The Care Quality Commission (CQC) has published its annual State of Care assessment of health and social care in England, finding that the care people received in 2019/20 was mostly of good quality.
The CQC found that while the quality of care was mostly maintained compared with the previous year, there was no overall improvement.
In particular, the assessment found that there is inequality between certain parts of the country, where people may find it hard to access good care. In particular, the CQC found that there were significant gaps in access to good quality mental health care.
While care was quickly adapted amid unprecedented change during the COVID-19 crisis, CQC emphasised that the issues existing in health and social care prior to the pandemic have not gone away.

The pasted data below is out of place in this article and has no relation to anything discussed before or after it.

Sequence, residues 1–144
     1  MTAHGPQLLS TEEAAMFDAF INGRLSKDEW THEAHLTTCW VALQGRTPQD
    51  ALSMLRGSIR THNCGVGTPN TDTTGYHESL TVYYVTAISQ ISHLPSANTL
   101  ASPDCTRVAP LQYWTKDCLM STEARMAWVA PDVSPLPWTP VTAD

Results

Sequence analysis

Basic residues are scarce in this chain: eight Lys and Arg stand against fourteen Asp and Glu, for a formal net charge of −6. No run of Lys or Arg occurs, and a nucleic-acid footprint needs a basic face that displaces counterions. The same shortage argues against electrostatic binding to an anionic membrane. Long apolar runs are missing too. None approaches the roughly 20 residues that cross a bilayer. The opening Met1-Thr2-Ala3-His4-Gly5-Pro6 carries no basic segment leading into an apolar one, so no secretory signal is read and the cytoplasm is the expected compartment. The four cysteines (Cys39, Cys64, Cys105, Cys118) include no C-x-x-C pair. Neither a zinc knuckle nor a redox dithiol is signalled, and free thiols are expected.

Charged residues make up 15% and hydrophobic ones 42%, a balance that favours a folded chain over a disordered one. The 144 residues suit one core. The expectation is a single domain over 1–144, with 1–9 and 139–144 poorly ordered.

The assessment found that COVID-19 exacerbated health and social inequalities and called for services to be designed around specific needs. In addition, the assessment found that there are increased waiting lists and a backlog of urgent and elective care that need to be addressed.
In response to the assessment, Danny Mortimer, chief executive of the NHS Confederation commented: “CQC’s assessment must serve as a wake-up call to the Government to appropriately fund and resource the NHS and social care so that they can be equipped to deal with the aftermath from this pandemic, which will be felt for many years to come.”
“It is positive that the overall quality in mental health services has been maintained, but as demand is only likely to continue growing and with no additional resources on the horizon, there is a real danger that this will slip,” added Sean Duggan, chief executive of the Mental Health Network
“Our members are doing all they can, but without additional support, there will be severe limitations,” he added.